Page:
Can you imagine being one of only 90 women in the entire world who summited our globe’s tallest mountain, Mount Everest?
Can you imagine being one of only eight — yes, eight — women in the world who summited the highest mountain on each of the world’s seven continents?
Donna Decker can. She has been atop the seven highest mountains on earth, culminating with Mount Everest in 2012.
Just to put this in perspective, the last plane you traveled in probably flew below the height that Decker climbed.
This is not a feat she took lightly.
She is a world-class athlete who was in the process of qualifying as a swimmer on the U.S. Olympics team when President Carter announced the U.S. would boycott the 1980 Olympic games. Disappointed as she and the other athletes were, Decker returned to college and to a dream born during the sixth grade, when a teacher told her class that only men were strong enough to climb Mount Everest.
Without talking much about it, Decker began climbing mountains and learning the necessary skills from other climbers. She was a natural, and without really planning to do so, she eventually managed to climb the highest mountain on six continents. In far away Asia, though, Everest both beckoned and loomed.
Life happened, and Decker married, became a mother and then a teacher and coach. Along the way, she found and nurtured an interest in combating sub-standard housing, and her dreams of climbing Everest took a backseat to the pleasures and challenges of work and family life. As happens in most families, the chicks leave the nest, and Decker and her husband finally found themselves alone in their Haymount home.
Her dream of Everest resurfaced and tugged hard.
After consulting with her family — attempting to summit Mount Everest is so dangerous that 1 in 10 climbers dies on the mountain and would-be climbers are required to file body disposal plans — Donna began preparing. She attended a climbing school in Alaska where the other students were very fit, very young men. She climbed Denali, North America’s highest peak. She climbed Mount Kilimanjaro, Africa’s highest peak.
She began training for Everest, training that included 100-mile bicycle rides, days long hikes with heavy packs, a ladder contraption her husband put together in their backyard because climbing Everest requires navigating ladders laid across ice crevasses and sleeping with a mask to limit her oxygen intake.
She was 49-years-old.
Her first attack on Everest in 2011 was backed by sponsors and followed by people far and wide, including me. She was only 147 feet short of the summit when her Sherpa guide told her she could make it, but she would die on the way down. With thoughts of her family in her mind, Decker turned around.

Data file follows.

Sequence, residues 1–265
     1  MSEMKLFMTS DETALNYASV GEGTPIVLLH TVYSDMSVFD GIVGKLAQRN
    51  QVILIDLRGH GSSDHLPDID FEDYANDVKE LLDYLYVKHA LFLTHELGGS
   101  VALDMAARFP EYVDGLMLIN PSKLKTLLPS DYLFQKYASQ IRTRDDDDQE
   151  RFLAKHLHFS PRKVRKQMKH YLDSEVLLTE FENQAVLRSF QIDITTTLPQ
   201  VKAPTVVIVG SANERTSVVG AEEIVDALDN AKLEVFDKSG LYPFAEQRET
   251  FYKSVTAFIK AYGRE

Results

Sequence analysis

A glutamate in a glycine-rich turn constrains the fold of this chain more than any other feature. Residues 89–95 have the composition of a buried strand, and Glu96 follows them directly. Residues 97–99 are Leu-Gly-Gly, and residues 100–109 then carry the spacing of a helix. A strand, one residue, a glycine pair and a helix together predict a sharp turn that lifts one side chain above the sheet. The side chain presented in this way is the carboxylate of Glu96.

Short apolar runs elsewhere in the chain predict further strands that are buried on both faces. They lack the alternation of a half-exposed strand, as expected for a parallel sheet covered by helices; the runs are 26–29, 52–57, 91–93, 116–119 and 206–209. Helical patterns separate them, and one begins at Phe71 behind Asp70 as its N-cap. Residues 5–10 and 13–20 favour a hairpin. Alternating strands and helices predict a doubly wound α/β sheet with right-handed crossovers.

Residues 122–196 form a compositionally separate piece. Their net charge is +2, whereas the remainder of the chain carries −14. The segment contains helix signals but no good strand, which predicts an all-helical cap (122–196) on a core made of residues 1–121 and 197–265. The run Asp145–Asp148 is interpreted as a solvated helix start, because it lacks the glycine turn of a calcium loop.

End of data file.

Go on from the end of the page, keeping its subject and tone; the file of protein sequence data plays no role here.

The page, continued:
Her dream was far from dead.
Quietly, with the blessing of her family but without the sponsors and media frenzy of her first try, Decker resumed training and headed back to Mount Everest in the spring of 2012. She was one of two women among 510 climbers. She and her three Sherpas avoided the crowd and climbed behind the others and summited Mount Everest after just under 10 hours in the death zone. Decker took with her an American flag, prayer flags and a statue of Iron Mike, which she left on Everest’s highest point.
When I asked her why she wanted to climb Everest, why she was willing to risk her own life not just once but twice knowing her death would devastate her family, she had this to say.
“I wanted to see what I am made of.”
What did she learn from her experience?
“I learned that there are no limits” and that “my life is totally in my hands.”
What is more, she is glad she did not climb the world’s highest mountain when she was younger.
Decker has not spoken publicly about her achievement, what it took to climb Everest and what it means to her. It has been a private experience, one she continues to process and examine.
On March 12, Decker will talk about Mount Everest and her journey to get there for the benefit of another cause dear to her heart, safe and adequate housing. Proceeds from Decker’s first public speech will benefit the Fayetteville Area Habitat for Humanity’s revitalization of B Street downtown. Habitat’s plan is to improve the quality of life for B Street residents, many of whom have lived there for generations.
Decker is the project’s biggest cheerleader and will tell her extraordinary story complete with photographs and some of her climbing gear to launch the B Street revitalization, which is her “next mountain.”
Tickets for the event at the Cape Fear Botanical Garden are available at Habitat’s website at www.fayettevillenchabitat.org or by calling 910 483-0952.
My chums and I have our tickets and are counting the days until Decker tells her extraordinary story of climbing and of life.
Hope to see you on March 12, and, if you have a daughter, bring her with you.